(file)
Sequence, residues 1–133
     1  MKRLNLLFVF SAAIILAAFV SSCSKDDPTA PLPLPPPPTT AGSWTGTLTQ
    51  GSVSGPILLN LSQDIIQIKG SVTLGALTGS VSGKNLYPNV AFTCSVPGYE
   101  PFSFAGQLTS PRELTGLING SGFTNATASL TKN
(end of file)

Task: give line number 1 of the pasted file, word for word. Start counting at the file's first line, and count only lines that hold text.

Sequence, residues 1–133